There are a few hundred styles of qigong practiced in China today, each one of them unique on their own. According to Traditional Chinese Medicine the flow of “qi” and blood complement each other for us to maintain health, prevent and cure ailments. This leads to the cultivating of the mind, the body and the spirit. 

The word “Qi” is the Chinese Word for Life Energy and “gong” means the work or practice of harnessing this Life Energy to improve one’s health and attain harmony of mind and body. In all Qigong Practice, a form of Diaphragm or Abdominal breathing is done where the lower abdomen and lower back expand with inhalation and contract with exhalation.

Qigong is divided into 2 types. The Movement or Active type in which the breathing exercise is performed while actively making different slow movements.  The meditative type is where you sit in a position, relax yourself and practice Qi breathing. 

Traditional Chinese Medicine stressed the prevention rather than cure for illness. Thus, the training of qigong is to strengthen ourselves and immunise ourselves against illness. The benefits of these training can only be felt when one does it regularly and consistently. The practice of qigong existed for over 5000 years. It was readily accepted by people of all generations due to its unique qualities. 

The word “Tong” means clearing, access, flowing and circulating. In this context it means clearing the diseased “qi” from your meridians, enhancing smooth flow of blood and “qi” circulating the universe and gaining access to the cosmic power. “Ling” means effectiveness, swiftness and alertness. It is effective in the treatment of diseases, in strengthening the body and cultivating sixth sense and psychic power.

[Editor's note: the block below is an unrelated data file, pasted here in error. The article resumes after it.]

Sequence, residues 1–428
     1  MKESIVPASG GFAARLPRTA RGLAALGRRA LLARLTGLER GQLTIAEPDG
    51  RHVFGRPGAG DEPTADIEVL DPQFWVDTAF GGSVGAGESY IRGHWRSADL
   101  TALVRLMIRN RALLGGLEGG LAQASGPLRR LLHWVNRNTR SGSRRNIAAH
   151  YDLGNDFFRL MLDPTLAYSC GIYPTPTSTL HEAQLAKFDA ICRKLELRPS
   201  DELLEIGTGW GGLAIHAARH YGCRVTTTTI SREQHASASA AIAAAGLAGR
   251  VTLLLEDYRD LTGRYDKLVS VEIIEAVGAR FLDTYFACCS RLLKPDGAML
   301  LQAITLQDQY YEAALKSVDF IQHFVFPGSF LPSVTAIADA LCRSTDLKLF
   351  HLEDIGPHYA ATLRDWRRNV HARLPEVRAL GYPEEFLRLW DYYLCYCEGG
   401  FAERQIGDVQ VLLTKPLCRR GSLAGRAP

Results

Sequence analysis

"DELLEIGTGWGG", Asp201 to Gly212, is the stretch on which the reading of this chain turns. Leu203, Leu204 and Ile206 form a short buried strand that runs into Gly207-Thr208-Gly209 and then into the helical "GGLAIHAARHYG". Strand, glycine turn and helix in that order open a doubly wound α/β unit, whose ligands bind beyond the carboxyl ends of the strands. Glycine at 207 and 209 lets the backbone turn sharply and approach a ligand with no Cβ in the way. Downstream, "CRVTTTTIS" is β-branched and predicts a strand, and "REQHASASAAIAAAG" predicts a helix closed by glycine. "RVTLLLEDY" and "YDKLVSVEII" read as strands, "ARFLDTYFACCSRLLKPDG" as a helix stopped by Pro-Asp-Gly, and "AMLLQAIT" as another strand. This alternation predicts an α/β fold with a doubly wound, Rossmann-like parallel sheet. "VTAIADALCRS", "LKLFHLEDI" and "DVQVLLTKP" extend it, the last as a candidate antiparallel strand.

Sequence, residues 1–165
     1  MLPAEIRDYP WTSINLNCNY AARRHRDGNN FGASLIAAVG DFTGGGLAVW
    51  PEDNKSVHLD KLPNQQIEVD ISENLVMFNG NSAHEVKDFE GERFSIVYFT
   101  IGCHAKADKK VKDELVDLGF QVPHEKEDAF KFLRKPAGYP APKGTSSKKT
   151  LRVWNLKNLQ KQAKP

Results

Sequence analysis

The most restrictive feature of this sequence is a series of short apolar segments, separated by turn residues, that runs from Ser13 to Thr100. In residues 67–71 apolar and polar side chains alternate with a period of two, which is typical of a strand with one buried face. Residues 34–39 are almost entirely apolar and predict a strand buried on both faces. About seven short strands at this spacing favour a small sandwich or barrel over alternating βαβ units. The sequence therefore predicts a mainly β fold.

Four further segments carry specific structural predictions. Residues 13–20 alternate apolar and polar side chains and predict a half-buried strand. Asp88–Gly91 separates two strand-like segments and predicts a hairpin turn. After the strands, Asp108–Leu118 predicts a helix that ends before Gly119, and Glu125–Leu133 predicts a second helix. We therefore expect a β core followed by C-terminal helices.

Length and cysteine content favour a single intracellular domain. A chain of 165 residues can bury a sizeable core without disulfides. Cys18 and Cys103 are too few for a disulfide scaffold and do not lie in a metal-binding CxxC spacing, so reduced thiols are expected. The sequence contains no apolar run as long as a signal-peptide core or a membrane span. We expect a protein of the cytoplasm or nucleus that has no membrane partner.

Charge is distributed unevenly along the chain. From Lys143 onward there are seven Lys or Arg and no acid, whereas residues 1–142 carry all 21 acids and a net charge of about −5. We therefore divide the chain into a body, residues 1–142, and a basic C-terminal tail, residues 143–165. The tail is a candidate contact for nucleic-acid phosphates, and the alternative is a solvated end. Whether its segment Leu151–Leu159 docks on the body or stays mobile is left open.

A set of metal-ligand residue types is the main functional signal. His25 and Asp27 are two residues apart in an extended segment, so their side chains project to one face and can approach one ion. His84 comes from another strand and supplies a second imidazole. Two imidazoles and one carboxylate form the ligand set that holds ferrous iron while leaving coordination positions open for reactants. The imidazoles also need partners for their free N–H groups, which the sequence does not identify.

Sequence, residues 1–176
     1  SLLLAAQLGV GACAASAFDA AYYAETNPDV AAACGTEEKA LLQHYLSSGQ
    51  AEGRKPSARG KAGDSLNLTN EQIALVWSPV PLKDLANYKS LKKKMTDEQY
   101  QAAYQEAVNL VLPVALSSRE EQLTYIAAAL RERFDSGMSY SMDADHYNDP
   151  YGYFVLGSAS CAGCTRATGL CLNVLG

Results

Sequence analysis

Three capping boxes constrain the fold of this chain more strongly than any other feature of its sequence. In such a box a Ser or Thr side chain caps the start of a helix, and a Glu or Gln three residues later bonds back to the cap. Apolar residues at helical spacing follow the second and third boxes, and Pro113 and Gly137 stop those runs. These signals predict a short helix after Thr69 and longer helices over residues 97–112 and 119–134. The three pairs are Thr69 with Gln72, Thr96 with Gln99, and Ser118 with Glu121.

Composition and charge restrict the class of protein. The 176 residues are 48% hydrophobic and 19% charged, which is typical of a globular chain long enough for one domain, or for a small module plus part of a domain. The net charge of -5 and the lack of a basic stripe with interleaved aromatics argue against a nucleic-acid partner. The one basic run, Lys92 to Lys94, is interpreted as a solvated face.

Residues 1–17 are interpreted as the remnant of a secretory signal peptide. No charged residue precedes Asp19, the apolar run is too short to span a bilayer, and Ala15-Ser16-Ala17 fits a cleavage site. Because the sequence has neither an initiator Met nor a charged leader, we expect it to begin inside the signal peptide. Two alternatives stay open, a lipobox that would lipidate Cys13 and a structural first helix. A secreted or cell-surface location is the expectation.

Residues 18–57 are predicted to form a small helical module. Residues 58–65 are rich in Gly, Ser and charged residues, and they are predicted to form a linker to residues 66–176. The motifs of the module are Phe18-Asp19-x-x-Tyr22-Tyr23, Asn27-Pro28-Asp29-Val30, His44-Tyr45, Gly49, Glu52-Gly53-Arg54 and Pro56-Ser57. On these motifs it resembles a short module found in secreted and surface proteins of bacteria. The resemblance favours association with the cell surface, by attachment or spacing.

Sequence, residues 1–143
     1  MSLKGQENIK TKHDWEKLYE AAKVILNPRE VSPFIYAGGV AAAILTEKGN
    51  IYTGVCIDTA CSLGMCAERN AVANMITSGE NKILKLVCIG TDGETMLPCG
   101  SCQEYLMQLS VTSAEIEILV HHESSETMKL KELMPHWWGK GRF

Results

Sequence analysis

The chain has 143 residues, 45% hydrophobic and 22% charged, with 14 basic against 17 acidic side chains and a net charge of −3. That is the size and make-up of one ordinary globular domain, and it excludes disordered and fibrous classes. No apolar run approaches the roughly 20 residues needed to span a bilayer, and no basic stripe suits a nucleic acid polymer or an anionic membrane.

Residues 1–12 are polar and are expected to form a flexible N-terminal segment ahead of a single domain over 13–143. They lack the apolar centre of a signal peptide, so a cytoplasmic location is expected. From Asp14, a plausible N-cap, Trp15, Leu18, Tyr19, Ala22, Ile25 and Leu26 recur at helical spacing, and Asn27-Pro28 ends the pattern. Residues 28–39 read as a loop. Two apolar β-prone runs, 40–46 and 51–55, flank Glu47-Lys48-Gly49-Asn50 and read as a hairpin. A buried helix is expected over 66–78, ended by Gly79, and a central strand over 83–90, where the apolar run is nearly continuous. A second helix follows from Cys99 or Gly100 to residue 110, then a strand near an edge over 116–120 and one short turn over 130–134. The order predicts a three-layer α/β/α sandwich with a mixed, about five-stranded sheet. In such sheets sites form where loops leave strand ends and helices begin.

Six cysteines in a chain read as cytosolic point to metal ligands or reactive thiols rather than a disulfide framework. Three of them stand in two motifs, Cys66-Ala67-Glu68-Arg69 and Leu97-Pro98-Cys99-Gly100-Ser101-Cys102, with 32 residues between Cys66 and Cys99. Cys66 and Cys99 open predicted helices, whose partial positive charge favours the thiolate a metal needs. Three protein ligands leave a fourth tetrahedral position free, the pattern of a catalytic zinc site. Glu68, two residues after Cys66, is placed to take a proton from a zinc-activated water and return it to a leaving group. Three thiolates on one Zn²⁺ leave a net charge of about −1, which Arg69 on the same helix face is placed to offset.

Master Huang Xing Qiang from Guilin, China studied qigong Chinese Herbal Medicine and “Wushu” since his childhood days with renowned masters of those days. He was involved as lecturer and adviser to various academic institutions since 1978. He is the founder of the Tong Ling Qigong. 

There are 11 basic exercises in the Tong Ling Qigong system. The requirements of these exercises are simple and easy to learn.  All the exercises can be done in a small place.  Any individual who trains in this qigong can acquire strong qi sensations after a short practice period.  The practitioner will be able to feel the increase in his mental power and health. 

As we practice the Qigong through the different exercises, we are harmonising the flow of Qi in our body, mainly the flow of the micro and the macro orbit.  Along the spine are all our vital organs and as we bend and twist our spine during the qigong exercises, we are actually massaging the vital organs in our body and thus maintaining our health. The organs in our body function together and complement each other so we have to keep them in good shape all the time. 

Case histories have shown that some diseases can be overcome by practicing Qigong. Common are high blood pressure, anaemia, stress and nervousness, migraine, inflammation of nose and throat, asthma, sinuses and stroke related problems. If we exercise regularly, we can prevent a lot of illness from coming our way.